The Girl Whose Story We Cannot Follow in Hornet's Nest
When we first see Lisbeth Salander (Noomi Rapace) in The Girl Who Kicked the Hornets Nest, the final adaptation of Stieg Larssons Millennium trilogy, she is being transported to a hospital in Gothenburg, bloodied almost beyond recognition, the result of a bullet put in her brain by Zalachenko, her barbaric father, at the very end of Part II, The Girl Who Played With Fire. Her pummeled, gore-covered body was a recurring image in Hornets Nest predecessors, particularly the first, The Girl With the Dragon Tattoo, which seemed to get more sick kicks out of depicting the sexual and physical violence done to Lisbeth by the Men Who Hate Women (Larssons indelible original title for Dragon Tattoo) than condemning it. Hornets Nest quickly dispenses with the obligatory scenes of its tiny heroines traumatized body, including extreme close-ups of a small rectangle being cut out from her noggin on the operating table. Its bloated running time is filled up instead by a convoluted procedural whose plot hinges on the opening and closing of MacBooks, and an abundance of indistinguishable old and middle-aged evil, pale patriarchs in ties and sweater vests.
As in Played With Fire, which, like this film, was directed by Daniel Alfredson, the heroes of the trilogybi computer hacker Lisbeth and her infatuated savior, Mikael Blomkvist (Michael Nyqvist), co-editor of the muckraking Millennium journalare apart for almost all of Hornets Nests 148 minutes. Lisbeth recovers in her hospital room, where she narrowly escapes being killed by the First Sinister Old White Man, before resuming friendly chats with her benevolent doctor (Its understandable that youre tired) and makeshift strength training with a surgical glove. Once better, shes remanded to a prison cell in Stockholm, awaiting trial for attempting to murder Zalachenko; Lisbeth and her attorney, Annika (Annika Hallin), Mikaels sister, will plead self-defense. And Mikael will insist to the three other people on Millenniums masthead, when they arent deciding what kind of sushi to order for lunch, that they print the latest issuewhich will uncover the vast conspiracy that led to Lisbeths repeated abuse by the statebefore the judges hear her case.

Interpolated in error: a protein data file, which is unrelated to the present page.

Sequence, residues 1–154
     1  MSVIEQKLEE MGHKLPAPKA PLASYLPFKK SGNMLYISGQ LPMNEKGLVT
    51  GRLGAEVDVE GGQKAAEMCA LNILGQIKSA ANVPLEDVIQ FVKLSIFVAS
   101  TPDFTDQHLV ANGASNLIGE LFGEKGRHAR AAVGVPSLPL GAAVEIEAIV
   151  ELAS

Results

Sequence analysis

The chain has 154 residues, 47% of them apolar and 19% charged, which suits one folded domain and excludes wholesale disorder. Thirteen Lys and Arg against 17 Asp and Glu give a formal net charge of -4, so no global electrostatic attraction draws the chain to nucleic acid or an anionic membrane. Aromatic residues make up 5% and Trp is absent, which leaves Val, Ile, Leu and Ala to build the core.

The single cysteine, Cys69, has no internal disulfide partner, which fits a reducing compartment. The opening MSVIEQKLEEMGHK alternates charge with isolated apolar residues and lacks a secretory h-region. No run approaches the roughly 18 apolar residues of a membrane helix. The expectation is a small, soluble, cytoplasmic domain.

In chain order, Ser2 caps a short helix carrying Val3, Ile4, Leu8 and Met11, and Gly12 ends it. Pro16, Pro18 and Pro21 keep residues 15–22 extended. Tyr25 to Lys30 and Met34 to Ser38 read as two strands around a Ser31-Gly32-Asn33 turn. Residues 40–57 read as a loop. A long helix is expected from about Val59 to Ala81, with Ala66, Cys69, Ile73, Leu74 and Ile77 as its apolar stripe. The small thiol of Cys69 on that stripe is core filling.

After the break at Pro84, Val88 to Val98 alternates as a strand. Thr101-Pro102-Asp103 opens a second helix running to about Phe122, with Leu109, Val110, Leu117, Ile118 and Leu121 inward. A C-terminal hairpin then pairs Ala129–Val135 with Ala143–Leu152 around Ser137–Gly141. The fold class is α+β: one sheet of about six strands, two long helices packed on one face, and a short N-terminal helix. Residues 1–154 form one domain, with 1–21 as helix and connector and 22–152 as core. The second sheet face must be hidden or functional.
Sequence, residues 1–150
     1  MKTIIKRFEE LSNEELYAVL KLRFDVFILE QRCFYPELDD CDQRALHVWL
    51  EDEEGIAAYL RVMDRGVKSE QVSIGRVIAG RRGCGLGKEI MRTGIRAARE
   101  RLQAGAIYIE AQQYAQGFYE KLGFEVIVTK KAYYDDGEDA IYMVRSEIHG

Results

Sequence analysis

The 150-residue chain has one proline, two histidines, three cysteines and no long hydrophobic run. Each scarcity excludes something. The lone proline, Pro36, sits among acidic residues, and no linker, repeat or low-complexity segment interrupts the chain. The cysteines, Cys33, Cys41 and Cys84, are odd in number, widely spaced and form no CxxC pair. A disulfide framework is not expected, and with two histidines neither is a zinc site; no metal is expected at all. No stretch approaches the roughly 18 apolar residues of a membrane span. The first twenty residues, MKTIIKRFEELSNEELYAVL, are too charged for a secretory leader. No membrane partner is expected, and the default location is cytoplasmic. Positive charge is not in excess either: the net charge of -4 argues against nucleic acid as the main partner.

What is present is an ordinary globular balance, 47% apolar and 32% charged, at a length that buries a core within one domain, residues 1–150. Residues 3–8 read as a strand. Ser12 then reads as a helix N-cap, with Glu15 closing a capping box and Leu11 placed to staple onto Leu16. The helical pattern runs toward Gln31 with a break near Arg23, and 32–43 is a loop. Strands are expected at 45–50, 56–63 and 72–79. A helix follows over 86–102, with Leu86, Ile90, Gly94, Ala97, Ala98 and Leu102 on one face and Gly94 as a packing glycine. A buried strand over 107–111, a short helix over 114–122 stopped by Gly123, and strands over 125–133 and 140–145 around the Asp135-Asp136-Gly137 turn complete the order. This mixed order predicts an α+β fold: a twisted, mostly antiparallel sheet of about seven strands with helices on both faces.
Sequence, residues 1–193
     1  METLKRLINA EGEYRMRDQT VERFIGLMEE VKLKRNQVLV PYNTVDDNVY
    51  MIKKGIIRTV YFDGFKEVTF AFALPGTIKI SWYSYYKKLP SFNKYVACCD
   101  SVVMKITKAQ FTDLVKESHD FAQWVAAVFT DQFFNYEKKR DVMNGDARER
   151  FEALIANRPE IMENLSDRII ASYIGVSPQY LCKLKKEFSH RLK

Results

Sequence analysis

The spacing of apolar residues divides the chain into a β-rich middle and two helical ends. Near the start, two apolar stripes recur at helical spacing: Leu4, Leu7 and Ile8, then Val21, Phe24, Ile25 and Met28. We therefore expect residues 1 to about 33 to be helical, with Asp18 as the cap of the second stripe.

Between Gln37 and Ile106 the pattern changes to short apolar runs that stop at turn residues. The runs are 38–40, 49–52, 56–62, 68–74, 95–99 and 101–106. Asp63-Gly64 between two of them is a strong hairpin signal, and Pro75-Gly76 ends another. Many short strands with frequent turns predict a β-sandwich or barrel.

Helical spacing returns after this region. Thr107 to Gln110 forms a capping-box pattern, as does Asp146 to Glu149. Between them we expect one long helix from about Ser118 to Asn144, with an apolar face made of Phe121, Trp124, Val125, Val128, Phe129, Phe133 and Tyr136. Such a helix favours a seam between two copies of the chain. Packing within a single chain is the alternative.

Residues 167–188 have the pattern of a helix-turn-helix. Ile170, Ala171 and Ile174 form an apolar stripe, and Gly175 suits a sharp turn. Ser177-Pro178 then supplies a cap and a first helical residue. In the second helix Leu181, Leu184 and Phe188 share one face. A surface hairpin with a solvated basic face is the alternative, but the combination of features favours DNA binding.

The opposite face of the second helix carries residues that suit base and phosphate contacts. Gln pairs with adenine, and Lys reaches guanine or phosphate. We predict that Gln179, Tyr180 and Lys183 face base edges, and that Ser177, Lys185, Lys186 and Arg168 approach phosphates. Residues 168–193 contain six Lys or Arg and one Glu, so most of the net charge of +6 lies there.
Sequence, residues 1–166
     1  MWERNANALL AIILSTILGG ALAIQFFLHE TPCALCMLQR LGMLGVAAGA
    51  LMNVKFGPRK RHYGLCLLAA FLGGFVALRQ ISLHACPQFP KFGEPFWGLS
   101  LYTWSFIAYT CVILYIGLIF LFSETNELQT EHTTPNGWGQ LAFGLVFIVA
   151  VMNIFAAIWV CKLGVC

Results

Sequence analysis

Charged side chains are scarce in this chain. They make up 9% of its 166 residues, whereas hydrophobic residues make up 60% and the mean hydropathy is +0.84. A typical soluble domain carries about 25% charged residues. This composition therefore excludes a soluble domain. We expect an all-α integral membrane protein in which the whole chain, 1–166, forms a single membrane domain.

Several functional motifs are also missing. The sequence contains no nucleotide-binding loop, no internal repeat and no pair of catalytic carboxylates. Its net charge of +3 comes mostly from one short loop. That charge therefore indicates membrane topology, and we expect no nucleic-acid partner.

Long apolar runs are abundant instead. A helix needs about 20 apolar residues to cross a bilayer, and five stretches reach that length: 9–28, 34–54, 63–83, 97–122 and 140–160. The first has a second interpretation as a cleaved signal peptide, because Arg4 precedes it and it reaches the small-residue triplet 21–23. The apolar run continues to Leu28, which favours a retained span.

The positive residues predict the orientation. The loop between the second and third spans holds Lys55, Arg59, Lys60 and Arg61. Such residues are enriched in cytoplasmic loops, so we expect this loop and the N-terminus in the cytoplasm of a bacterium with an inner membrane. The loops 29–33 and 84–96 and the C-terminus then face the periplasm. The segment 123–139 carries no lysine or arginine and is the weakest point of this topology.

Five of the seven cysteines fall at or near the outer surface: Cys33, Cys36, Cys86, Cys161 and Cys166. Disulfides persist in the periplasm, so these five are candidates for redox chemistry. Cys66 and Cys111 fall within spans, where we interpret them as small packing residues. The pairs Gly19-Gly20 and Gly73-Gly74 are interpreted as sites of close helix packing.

That malevolent network, called the Sectiona rogue group of politicians, law enforcers, and psychiatrists formed 30-plus years ago, dedicated to protecting Soviet defector Zalachenkocommitted Lisbeth to a mental institution at age 12 and would now like to return her there for good so that they can continue raping, sex-trafficking, and consuming child pornography with impunity. Its like a classic Greek tragedy, someone not wearing a sweater vest says about the increasingly implausible plot threads (which also includes Lisbeths jumbo half-brother, still at large and out for blood, and Serbian assassin brothers).
The Girl Who Kicked the Hornet's Nest
The Girl Who Kicked the Hornet's Nest
Directed by Daniel Alfredson
Music Box Films
Opens October 29
Those who have been stirred by Lisbeths wrath and wiry might in the past will this time have to settle for a few minutes of her doing calisthenics while in stir, a bit of nastiness with a nail gun, and her biggest fuck-you to Scandi propriety: dressing in full leather fetish wear with Aqua-Netted mohawk and Clockwork Orangeinspired eye makeup during her trial. Limited to the facial expressions of perma-hate throughout the trilogy, Rapace has given her chiseled cheeks and coal-black eyes, burning with the intensity of a million midnight's suns, a thorough workout. (If The Social Networks Rooney Mara, who will play Lisbeth in David Finchers Dragon Tattoo remake, cant scowl as effectively, she at least comes with brand recognition: The Girl Who Inadvertently Inspired Facebook.)
Having never read a page of Larssons books, I can make no claims to Hornet's Nest's fealty to its original source. But, like the first two Millennium movies, this final installment feels thoughtlessly put together, its script unpruned and rushed through, all to capitalize on the staggering worldwide popularity of its dead author. We have not been able to process all this new information, the judge overseeing Lisbeths case says after Annika lays out the Sections evils. Maybe shes speaking on the filmmakers behalf.
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